Archive for April 2nd, 2015

April 2, 2015

March Reading

I’ve been bad at reading this last few months but March wasn’t so bad.

 

Zen Cho, Spirits Abroad: I’m reviewing this elsewhere and will post the piece here when it’s out, but the important revelation that I had about Zen Cho (other than that her work is brilliant comfort reading) is that she reminds me of Joan Aiken. I’m not sure there’s a higher compliment.

Deji Bryce Olukotun, Nigerians in Space: For a review. I will not be counting this in my stats for the year because it’s a reread; it’s worth reminding the world that it’s great, though.

Kavitha Mandana, Nayantara Surendranath, A Pair of Twins: I’ll have a piece on this up in a couple of weeks. Feminism and elephants and excellent art.

Shobha Viswanath, Sadhvi Jawa, An Elephant in My Backyard: I also liked this very much, for reasons that will remain mysterious until next week’s column is republished on the blog.

Danez Smith, [insert] boy: I discovered Danez Smith’s work a few months ago, when Sridala linked me to “Not an Elegy for Mike Brown” (at Split This Rock, but I’m linking to Buzzfeed because that way you also get  “alternate names for black boys”) and was broken by it in the best way. I read this collection in bits over the month and it may not have been the wisest choice for a fragile time, and I’m still trying to work out how to talk about it because I’m quite sure I need to. But you should read it.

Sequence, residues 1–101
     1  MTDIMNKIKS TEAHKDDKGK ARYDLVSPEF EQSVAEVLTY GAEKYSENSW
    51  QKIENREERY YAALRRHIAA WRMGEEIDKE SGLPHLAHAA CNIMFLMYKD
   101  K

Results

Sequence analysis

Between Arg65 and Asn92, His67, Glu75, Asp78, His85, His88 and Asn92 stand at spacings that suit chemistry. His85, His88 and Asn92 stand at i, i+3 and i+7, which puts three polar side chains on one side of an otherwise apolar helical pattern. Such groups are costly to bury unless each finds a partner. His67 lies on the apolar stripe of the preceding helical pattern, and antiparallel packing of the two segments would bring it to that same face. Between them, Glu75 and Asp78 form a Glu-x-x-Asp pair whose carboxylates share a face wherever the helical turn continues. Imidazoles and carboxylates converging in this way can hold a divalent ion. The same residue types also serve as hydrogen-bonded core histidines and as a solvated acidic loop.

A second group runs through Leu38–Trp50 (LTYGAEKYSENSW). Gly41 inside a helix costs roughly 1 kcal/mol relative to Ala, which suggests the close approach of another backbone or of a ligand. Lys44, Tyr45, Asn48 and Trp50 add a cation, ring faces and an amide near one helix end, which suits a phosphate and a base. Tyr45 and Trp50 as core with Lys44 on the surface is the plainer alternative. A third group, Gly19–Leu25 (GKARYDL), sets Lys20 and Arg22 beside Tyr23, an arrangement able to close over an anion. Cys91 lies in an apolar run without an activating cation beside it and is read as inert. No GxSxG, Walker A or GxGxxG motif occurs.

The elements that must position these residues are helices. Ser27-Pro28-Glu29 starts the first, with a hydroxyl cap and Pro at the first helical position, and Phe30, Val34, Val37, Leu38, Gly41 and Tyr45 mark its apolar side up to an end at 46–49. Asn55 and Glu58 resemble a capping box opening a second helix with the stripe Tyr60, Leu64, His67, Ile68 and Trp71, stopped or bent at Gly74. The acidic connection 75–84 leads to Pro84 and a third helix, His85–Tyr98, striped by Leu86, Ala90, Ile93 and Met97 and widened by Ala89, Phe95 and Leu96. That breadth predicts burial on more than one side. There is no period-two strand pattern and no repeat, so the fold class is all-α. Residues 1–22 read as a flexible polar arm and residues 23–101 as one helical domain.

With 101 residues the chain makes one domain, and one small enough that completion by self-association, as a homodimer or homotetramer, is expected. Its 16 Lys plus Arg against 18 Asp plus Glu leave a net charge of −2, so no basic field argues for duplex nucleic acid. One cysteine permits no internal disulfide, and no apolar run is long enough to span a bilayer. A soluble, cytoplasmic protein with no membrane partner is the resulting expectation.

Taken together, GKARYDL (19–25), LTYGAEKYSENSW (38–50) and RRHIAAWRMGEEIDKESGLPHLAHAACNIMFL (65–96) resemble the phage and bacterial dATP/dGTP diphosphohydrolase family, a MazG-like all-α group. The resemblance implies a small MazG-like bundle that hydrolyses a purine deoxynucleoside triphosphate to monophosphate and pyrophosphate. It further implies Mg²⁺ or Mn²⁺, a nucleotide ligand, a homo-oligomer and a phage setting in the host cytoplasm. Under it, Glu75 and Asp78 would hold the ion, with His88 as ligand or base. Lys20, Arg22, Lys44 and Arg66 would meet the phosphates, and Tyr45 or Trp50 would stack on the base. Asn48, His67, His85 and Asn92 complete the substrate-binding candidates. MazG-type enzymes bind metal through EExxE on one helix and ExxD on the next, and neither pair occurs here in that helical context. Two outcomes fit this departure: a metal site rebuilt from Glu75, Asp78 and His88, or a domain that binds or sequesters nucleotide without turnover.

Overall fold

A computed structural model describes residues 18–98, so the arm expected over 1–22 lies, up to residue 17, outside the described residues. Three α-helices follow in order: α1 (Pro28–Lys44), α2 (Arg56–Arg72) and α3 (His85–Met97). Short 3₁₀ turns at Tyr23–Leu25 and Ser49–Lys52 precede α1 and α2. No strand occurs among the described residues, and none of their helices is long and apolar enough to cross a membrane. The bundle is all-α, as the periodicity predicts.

Alan Garner, Red Shift: For a Strange Horizons book club discussion (with some of my favourite people) which you can find here.

Haruki Murakami, The Strange Library: I wrote about this here.

Gail Carriger, Prudence (The Custard Protocol): I’m going to have to write something longer on this because it’s set in steampunk-supernatural colonial India and almost does some clever things and then … does so many other things which are not so much “clever” as “terrible”.

Kazuo Ishiguro, The Buried Giant: I’m discussing this elsewhere and will be posting a link when that’s up, but rarely have I seen so many critics so confused by something that doesn’t fit an expected shape. And yet it’s not that strange.